Real hockey fans didn’t riot, say Canucks
After the storm had settled, the Canucks spoke publicly about the Stanley Cup riots that occurred after losing game seven to the Boston Bruins. Team members Roberto Luongo and Henrik Sedin were "disgusted," "disappointed" and "disturbed" by the vandalism and looting.
Vancouver Canucks insist their fans not to blame for Stanley Cup riot
By: The Canadian Press
VANCOUVER -- The Vancouver Canucks insisted Friday that their fans are not to blame for the violent, destructive riot that broke out following the team's Stanley Cup loss to the Boston Bruins, and called for swift justice for those responsible.
Rioters burned cars, smashed windows and looted stores in the city centre for several hours on Wednesday night, and images of the chaos have been broadcast around the world.
The police have blamed the riot on a small band of "anarchists and criminals'' who came with supplies and a plan, linking some of them to a similar, albeit infinitely smaller, riot during last year's Winter Olympics.
But whoever set the riot in motion, it was clear to anyone witnessing it unfold that many jersey-clad hockey fans who may have come downtown to watch the game eventually joined the smashing and looting.
Canucks general manager Mike Gillis labelled the rioters "thugs,'' who weren't motivated by the outcome of the game.
"Those aren't our fans who were doing that,'' Gillis told reporters during a news conference at Rogers Arena.
"I think that would have happened whether we won or lost. ...When you're faced with thugs like that and people who are just prepared to punch other people in the face and think they're getting away with it, it's pretty hard to stop that. They're there for that purpose.''
The trouble started a few minutes before the game ended, when a group of people in a massive outdoor viewing site tipped over a vehicle and set it on fire. The melee continued for several hours before police in riot gear and on horseback brought things under control.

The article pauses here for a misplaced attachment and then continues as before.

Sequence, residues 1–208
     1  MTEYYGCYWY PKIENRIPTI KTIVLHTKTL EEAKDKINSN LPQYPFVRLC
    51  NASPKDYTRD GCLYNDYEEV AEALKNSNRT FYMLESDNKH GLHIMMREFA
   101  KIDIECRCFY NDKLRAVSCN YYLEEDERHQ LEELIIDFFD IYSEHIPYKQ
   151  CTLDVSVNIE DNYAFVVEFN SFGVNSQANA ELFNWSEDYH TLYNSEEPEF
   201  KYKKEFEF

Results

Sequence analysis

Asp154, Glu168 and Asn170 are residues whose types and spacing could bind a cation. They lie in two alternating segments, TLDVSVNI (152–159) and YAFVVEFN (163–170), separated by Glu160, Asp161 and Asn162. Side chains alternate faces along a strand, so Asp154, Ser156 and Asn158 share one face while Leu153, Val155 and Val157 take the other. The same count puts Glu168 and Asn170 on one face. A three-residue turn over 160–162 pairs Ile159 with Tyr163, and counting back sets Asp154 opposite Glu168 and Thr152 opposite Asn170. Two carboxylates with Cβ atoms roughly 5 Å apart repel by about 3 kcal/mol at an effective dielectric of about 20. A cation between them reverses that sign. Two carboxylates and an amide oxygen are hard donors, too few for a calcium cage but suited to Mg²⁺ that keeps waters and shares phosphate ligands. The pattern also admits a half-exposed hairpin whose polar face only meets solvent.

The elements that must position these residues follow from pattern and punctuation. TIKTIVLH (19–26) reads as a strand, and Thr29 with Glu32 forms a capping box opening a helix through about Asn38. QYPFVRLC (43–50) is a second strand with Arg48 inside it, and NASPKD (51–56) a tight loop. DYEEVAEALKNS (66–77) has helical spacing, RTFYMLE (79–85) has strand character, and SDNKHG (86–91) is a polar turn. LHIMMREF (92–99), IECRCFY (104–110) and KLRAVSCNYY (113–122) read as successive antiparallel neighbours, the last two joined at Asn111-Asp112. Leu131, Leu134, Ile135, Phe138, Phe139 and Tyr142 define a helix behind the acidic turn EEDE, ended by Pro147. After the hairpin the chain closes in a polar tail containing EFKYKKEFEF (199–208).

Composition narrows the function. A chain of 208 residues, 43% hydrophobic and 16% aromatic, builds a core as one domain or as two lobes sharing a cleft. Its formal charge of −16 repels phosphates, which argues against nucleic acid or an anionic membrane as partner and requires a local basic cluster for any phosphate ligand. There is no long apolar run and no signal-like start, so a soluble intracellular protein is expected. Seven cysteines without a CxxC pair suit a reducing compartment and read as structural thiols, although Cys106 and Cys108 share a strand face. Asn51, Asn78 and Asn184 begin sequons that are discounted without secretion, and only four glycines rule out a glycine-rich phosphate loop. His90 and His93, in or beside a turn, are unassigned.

The riot caused millions of dollars in damage, left at least 150 injured, including nine police officers, and has prompted an investigation involving police agencies throughout B.C.'s Lower Mainland.
A riot broke out the last time the Canucks made it to the Stanley Cup final in 1994, as well, after Vancouver lost to the New York Rangers.
Memories of the '94 riot were top of mind as this year's Stanley Cup final approached, and the next time the Canucks make it this far, that anxiety will no doubt be amplified.
Gillis said the team will take whatever steps it can to prevent another repeat.
"I'm concerned about anything that reflects poorly on us and the city that we represent, and we're going to do our part in making sure this never happens again,'' said Gillis.
"I hope they're punished to the full extent of the law,'' he said of the rioters. "And if they are, maybe that will become (a warning) that you're not going to get away with this kind of stuff.''
Goaltender Roberto Luongo said it was disturbing to watch images of Wednesday's riot.
"It was disappointing, those were not the real Vancouver fans that were doing that,'' said Luongo.
"I think it was isolated groups. It was tough to watch that something like that happened to the city.''
Other players echoed Luongo's comments that the team's devoted fans couldn't have had anything to do with the riot.
Some contrasted the rioters with the volunteers who came downtown Thursday morning armed with brooms, garbage bags and scrub brushes to help clean up the mess.
"I was disgusted like everyone else; it's not fun to watch,'' said Canucks captain Henrik Sedin.
"What happened with all the volunteers that came out, I think that shows more of what Vancouver is about than the night before.''